Have you ever tried to imagine what it must be like to be someone else? Not in the abstract, but while you are standing there with them, looking at each other–imagining what it must be like to be looking at yourself through their eyes and feeling what they feel about it? “Freaky,” you say?
No matter who you are, each and every one of us lives in a world that is known only to oneself, because our world is a representation of what our brain interprets it to be–nothing more; nothing less. Our individual reality is the only reality that we can know.
We each have our own hopes, dreams, and fears. And, according to psychologist Abraham Maslow, we ultimately want to make the most of ourselves–to be all we can be. He called it being self-actualized.
Such is the subject of many popular songs over the decades.
Lady Gaga sings, “There’s nothin’ wrong with lovin’ who you are, cause He (God) made you perfect, babe.” (Born This Way)
Jessica Andrews reminds us that no matter what happens to her, “I know exactly who I am.” (Who I Am; written by Brett James and Troy Vergas).
Demi Lovato performs This is me, co-written with Joe Jonas, “Now I’ve found who I am. There’s no way to hold it in. No more hiding who I wanna be. This is me.”
Sammy Davis Jr. (1968) exclaimed, “I gotta be me . . . I want to live, not merely survive, and I won’t give up this dream of life that keeps me alive.” (lyrics by Walter Marks).
Here’s my point:
the INPowered find a way to strive for a better self, even if it means overcoming difficult life situations and low self-esteem.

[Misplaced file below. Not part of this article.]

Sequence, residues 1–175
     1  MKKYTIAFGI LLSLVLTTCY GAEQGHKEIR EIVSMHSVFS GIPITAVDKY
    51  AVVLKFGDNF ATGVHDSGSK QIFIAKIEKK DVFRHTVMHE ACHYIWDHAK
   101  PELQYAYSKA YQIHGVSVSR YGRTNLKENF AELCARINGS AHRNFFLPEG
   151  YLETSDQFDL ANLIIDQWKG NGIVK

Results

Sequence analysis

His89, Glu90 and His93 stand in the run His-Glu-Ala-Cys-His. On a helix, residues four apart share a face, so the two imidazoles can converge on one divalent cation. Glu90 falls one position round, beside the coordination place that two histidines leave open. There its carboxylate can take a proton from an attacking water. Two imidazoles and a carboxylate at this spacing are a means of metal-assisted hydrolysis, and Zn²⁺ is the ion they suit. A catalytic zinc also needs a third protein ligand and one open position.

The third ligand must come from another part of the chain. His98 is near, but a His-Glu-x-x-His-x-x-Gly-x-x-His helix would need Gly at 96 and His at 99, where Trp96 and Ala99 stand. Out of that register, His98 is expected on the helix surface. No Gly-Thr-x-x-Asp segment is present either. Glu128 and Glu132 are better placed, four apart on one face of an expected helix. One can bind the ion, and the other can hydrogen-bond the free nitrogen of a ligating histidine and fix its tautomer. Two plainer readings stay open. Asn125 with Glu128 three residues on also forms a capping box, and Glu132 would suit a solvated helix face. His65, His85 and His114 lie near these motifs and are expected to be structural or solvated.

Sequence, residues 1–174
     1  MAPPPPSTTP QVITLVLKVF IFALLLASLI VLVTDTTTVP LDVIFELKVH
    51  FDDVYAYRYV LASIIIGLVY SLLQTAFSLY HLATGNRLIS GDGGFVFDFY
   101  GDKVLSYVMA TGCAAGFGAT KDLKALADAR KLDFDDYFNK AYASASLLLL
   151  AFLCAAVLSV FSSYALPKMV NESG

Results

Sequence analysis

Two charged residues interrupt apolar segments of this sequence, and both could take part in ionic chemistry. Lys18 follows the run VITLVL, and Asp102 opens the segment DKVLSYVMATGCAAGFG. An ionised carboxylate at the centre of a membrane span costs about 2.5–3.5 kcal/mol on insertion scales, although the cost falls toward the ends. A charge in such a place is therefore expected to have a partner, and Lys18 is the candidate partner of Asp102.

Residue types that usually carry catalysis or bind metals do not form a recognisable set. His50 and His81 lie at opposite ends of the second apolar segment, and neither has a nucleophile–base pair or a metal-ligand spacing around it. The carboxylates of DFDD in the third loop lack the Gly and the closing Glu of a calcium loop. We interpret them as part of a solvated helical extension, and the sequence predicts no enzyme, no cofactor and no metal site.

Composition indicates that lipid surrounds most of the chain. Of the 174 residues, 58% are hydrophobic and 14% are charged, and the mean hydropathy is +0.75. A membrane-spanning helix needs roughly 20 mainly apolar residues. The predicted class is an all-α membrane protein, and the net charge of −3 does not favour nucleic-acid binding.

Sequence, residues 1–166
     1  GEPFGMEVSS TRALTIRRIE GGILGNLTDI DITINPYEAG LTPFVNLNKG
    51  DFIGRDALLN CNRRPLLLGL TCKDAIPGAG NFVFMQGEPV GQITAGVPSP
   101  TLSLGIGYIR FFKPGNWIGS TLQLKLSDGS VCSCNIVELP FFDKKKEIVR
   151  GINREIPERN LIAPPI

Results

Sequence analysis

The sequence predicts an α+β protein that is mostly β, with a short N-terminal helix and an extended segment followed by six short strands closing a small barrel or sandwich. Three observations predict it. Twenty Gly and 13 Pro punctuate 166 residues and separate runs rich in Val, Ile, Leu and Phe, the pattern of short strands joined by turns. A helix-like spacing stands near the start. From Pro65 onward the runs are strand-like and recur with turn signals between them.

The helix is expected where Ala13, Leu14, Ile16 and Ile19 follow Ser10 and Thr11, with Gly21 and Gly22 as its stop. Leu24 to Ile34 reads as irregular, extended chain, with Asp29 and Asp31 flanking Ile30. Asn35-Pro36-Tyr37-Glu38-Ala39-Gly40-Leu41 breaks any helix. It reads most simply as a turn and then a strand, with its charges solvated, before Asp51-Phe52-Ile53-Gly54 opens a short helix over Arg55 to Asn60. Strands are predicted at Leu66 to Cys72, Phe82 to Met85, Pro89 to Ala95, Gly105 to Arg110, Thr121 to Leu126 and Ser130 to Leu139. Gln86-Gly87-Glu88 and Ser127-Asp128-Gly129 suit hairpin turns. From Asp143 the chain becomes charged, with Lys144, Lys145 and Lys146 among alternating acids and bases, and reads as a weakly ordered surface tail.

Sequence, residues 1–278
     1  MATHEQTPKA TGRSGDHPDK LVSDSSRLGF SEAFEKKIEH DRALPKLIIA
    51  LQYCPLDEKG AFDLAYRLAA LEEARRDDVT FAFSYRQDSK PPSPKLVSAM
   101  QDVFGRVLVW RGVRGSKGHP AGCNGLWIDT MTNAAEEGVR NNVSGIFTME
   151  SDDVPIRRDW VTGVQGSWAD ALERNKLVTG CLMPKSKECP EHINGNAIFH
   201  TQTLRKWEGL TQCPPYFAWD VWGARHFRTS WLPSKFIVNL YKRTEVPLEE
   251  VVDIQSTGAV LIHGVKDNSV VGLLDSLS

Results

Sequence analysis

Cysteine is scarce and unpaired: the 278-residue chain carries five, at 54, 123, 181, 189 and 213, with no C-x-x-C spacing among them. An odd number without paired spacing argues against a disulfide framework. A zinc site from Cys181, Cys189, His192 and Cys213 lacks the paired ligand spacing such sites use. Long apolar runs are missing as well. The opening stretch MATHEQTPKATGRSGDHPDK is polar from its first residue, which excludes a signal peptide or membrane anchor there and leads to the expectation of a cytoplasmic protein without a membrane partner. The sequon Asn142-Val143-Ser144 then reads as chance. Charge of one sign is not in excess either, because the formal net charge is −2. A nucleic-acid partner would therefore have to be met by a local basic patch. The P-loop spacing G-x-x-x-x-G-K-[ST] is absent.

Notice I said a better self, not a perfect self.
Being self-actualized is loving and accepting yourself without feeling like you need everyone else’s permission for what you believe and how you live (as long as you are not hurting or abusing others for your own ends).
If there is something that you don’t particularly like about yourself, change what is possible, and make the best of what you have to work with. We have limited control over our physical looks, but we have total control over our attitude and intentions.
Take the self-actualized INPowerment pledge. Tell yourself every morning, “I will live INPowered today by taking positive action to make life better for myself and others.”
You’ll be amazed how your self-esteem and confidence grow as you become
The INPowered know that success is not a solo act. It takes help from many others to accomplish our goals.
We all can point to individuals who came along in our lives at times when we needed help getting past an obstacle. Sometimes we just needed a nudge in the right direction to get going on a project. In any event, we couldn’t have done it without them.